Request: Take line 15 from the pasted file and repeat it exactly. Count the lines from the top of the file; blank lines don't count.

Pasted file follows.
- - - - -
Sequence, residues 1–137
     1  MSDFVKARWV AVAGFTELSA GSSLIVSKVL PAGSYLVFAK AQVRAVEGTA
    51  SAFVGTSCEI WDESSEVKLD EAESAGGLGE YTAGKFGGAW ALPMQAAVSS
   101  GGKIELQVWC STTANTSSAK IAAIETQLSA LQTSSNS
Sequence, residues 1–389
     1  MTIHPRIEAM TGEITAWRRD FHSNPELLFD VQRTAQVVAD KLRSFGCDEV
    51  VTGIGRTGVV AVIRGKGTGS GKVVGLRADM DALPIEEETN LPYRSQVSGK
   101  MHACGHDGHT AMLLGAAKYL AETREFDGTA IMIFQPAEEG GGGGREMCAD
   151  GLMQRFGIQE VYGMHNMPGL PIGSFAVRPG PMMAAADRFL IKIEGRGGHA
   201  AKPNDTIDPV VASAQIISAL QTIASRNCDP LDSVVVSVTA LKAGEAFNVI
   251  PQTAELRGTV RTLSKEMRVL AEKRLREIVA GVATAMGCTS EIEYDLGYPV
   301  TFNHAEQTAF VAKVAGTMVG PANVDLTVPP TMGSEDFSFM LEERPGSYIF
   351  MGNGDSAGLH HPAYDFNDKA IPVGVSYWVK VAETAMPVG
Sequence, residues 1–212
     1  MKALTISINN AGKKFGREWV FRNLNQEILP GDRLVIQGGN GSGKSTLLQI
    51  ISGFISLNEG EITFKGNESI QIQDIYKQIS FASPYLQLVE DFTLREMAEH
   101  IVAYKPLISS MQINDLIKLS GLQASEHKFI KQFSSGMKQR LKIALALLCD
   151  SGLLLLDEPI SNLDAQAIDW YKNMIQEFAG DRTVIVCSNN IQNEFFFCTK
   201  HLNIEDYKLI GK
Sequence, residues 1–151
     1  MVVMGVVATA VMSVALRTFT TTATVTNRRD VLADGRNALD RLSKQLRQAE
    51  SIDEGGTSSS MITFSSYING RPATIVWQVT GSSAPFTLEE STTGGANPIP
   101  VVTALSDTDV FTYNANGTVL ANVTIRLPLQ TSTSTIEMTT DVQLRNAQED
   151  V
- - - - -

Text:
     1  MKALTISINN AGKKFGREWV FRNLNQEILP GDRLVIQGGN GSGKSTLLQI